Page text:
Brrrr...I had to type it all in by hand for reasons to complex to get into..
• 12-17-2011, 11:37 PM
pbrockway2
Re: Factorial method bug
A few things:

If you are going to do multiple things with the array it is (as you have found) really, really important that you don't alter the array contents. The array - to use Barbara Liskov's term - is a "shared object". It is shared between the caller and the methods. That's what makes the "return" unnecessary in the other thread. And, as I think you have also seen, it means that the methods "can look, but must not touch" when it comes to the array.

I agree with you that making a copy of the array in the digit counting method will work, but it feels wrong. What about this: the differentDigits() method could create a small "counter" array, just 10 int elements wrong. Every time it sees a digit in the big array it increases the appropriate element in the counter array. Then to report how many different digits there are it need only count how many nonzero digits there are in the counter array. Since what you have works you might want to put this aside until later.

When you say that your code gives the "wrong" value, you seem to be basing this on what result you get after all sorts of other methods have been at work. Clearly neither me nor 2x4 nor anybody else here knows what those other methods are. A better approach (which I tried to hint at in my first reply) is to make the methods self-contained so each can be tested and verified on it's own. And document what the method in question is supposed to do - for your benefit as well as ours.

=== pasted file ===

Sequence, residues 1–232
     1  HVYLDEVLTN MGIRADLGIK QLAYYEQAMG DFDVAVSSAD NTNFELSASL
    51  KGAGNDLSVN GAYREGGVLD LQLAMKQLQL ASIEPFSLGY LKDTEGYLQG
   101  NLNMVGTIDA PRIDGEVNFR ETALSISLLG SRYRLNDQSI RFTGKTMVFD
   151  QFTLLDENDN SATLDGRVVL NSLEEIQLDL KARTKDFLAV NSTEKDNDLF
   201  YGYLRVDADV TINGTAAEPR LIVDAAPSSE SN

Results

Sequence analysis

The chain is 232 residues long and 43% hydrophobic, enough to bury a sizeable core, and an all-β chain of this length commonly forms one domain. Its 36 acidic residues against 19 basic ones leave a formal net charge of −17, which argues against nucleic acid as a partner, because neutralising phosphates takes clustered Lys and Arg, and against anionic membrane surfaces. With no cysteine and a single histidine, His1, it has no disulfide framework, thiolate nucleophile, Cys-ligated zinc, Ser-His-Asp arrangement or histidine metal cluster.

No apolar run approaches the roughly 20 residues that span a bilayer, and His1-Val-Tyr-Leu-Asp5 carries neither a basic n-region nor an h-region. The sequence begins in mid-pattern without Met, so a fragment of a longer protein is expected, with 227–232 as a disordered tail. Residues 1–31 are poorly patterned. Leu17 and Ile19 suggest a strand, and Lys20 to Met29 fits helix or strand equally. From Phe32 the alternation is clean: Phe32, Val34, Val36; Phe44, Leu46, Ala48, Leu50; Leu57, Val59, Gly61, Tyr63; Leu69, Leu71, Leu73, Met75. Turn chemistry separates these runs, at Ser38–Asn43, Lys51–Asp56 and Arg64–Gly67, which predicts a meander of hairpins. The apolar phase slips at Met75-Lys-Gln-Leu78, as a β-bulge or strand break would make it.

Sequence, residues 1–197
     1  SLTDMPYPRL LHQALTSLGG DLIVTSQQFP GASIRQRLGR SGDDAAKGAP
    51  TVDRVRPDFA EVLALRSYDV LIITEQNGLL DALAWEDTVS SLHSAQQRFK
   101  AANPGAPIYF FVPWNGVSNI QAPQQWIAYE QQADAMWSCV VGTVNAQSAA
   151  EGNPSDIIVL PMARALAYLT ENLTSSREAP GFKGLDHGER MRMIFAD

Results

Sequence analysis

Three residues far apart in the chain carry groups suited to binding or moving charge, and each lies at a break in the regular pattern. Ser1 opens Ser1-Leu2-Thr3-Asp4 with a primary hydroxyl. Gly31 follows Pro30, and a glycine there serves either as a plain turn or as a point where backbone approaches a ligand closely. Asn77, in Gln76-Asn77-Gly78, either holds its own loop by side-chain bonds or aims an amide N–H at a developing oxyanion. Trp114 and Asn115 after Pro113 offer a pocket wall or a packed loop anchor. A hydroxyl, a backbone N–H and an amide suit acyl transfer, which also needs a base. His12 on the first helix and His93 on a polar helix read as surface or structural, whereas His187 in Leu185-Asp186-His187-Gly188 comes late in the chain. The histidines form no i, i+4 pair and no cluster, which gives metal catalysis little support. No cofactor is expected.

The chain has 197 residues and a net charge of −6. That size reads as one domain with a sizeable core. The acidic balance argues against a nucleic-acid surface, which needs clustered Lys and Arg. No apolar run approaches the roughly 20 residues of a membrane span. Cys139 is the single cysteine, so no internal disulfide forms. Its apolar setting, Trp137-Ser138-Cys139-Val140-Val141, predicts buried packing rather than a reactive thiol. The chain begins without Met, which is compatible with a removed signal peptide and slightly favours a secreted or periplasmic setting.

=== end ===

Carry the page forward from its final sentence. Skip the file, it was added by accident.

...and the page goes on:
This approach will not make bugs go away. But it might shine light on them. In particular it might distinguish between whether a problem arises because the a method is faulty and whether the problem is that some other method has unwanted side effects.

You say "it works now". Does that mean the digits method? the factorial? both?
• 12-18-2011, 12:59 AM
Mapisto
Re: Factorial method bug
Quote:

Originally Posted by 2by4
Original code (with correction as specified by pbrockway2, works fine on my machine. {3, 3} gives me 12.

Brrrr...I had to type it all in by hand for reasons to complex to get into..

Thanks man :|
• 12-18-2011, 01:11 AM
Mapisto
Re: Factorial method bug
Quote:

Originally Posted by pbrockway2
A few things:

If you are going to do multiple things with the array it is (as you have found) really, really important that you don't alter the array contents. The array - to use Barbara Liskov's term - is a "shared object". It is shared between the caller and the methods. That's what makes the "return" unnecessary in the other thread. And, as I think you have also seen, it means that the methods "can look, but must not touch" when it comes to the array.